Over the Counter Tests Can Now Help State Track Positive Cases
Marisa Lloyd

Over the Counter Tests Can Now Help State Track Positive Cases

Washington Department of Health

OLYMPIA – As the Delta variant spreads throughout every region in Washington, demand for COVID-19 testing increases. With that, many people are turning to various over-the-counter, at-home tests when they have symptoms or when they need a test for other reasons.

These tests can be convenient and improve access to testing but it is important to ensure people are still using the right kind of test, taking steps to get care and isolate from others if they are positive, and positive results are reported to the state.

Reporting helps the Department of Health (DOH) determine how and where the virus is spreading so resources can be allocated to reduce the spread. Now, it’s easier than ever for people who buy home tests to report their own results. Thanks to a partnership with Washington 211, it is now possible to report a positive test result from an at-home test through the state’s COVID-19 hotline. Hotline personnel will determine the next steps based on zip code so results can be recorded and reported, and can guide callers through any questions they may have

The state hotline, 1-800-525-0127, is available Monday from 6 a.m. to 10 p.m., and Tuesday to Sunday (and observed holidays) from 6 a.m. to 6 p.m., with language assistance available.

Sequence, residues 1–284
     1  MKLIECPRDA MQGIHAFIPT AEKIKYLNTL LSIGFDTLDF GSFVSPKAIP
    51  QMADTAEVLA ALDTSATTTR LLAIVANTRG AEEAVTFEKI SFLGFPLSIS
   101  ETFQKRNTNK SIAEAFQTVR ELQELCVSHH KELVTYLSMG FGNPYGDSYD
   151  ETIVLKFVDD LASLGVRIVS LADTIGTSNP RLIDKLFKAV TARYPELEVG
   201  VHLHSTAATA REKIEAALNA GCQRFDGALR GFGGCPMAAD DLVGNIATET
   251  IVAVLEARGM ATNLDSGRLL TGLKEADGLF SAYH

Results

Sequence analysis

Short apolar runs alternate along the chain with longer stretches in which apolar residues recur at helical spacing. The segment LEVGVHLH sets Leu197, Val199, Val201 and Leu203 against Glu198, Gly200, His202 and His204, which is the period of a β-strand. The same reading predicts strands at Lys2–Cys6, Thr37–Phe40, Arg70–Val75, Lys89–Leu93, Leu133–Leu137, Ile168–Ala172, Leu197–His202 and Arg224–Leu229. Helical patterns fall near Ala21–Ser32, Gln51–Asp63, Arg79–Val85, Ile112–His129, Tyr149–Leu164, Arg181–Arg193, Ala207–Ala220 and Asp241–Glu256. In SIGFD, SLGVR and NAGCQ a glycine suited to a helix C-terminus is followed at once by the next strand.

There are many testing options in Washington, and people can still find a testing location at the Department of Health website, or through many of the state’s local health jurisdictions.

“Testing is a critical tool to understand the current surge and help slow the spread of disease,” says Scott Lindquist, MD, MPH, Acting State Health Officer. “It is important for everyone who has symptoms or a known exposure to COVID-19 to get a test, regardless of vaccination status.”


The main types of tests to detect COVID-19 infections are molecular tests, including PCR tests, and antigen tests.

  • Molecular tests look for genetic material from the virus that causes COVID-19; these results can take a little longer, but they are the most accurate tests available.
  • Antigen tests look for certain proteins on the virus surface; the results come in faster, but they are generally less accurate than molecular tests in most circumstances. Over-the-counter tests are generally antigen tests.

Antigen tests are most accurate for people with symptoms, but they can still produce false-negative or false-positive results. With those tests, if you are symptomatic and you get a negative result, Washington DOH advises you to get a confirming molecular test to be sure. Also, if you are asymptomatic and get a positive antigen result, it is again advised you get a confirming molecular test.


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